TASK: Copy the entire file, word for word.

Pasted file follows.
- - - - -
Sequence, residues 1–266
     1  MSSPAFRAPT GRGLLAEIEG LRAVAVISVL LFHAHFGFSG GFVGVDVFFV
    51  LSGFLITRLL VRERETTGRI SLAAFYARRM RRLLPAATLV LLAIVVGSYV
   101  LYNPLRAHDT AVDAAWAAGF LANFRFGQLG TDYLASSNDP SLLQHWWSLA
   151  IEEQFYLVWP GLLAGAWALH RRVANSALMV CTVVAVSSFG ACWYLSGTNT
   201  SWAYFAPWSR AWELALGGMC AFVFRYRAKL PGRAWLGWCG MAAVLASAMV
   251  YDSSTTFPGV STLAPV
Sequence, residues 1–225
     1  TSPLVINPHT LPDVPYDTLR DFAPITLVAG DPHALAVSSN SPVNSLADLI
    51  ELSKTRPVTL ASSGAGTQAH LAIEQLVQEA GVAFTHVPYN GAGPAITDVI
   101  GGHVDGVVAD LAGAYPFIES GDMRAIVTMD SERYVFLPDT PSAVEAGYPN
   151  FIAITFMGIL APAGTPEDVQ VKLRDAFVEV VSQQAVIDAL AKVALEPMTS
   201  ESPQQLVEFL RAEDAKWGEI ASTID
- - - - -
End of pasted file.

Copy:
Sequence, residues 1–266
     1  MSSPAFRAPT GRGLLAEIEG LRAVAVISVL LFHAHFGFSG GFVGVDVFFV
    51  LSGFLITRLL VRERETTGRI SLAAFYARRM RRLLPAATLV LLAIVVGSYV
   101  LYNPLRAHDT AVDAAWAAGF LANFRFGQLG TDYLASSNDP SLLQHWWSLA
   151  IEEQFYLVWP GLLAGAWALH RRVANSALMV CTVVAVSSFG ACWYLSGTNT
   201  SWAYFAPWSR AWELALGGMC AFVFRYRAKL PGRAWLGWCG MAAVLASAMV
   251  YDSSTTFPGV STLAPV
Sequence, residues 1–225
     1  TSPLVINPHT LPDVPYDTLR DFAPITLVAG DPHALAVSSN SPVNSLADLI
    51  ELSKTRPVTL ASSGAGTQAH LAIEQLVQEA GVAFTHVPYN GAGPAITDVI
   101  GGHVDGVVAD LAGAYPFIES GDMRAIVTMD SERYVFLPDT PSAVEAGYPN
   151  FIAITFMGIL APAGTPEDVQ VKLRDAFVEV VSQQAVIDAL AKVALEPMTS
   201  ESPQQLVEFL RAEDAKWGEI ASTID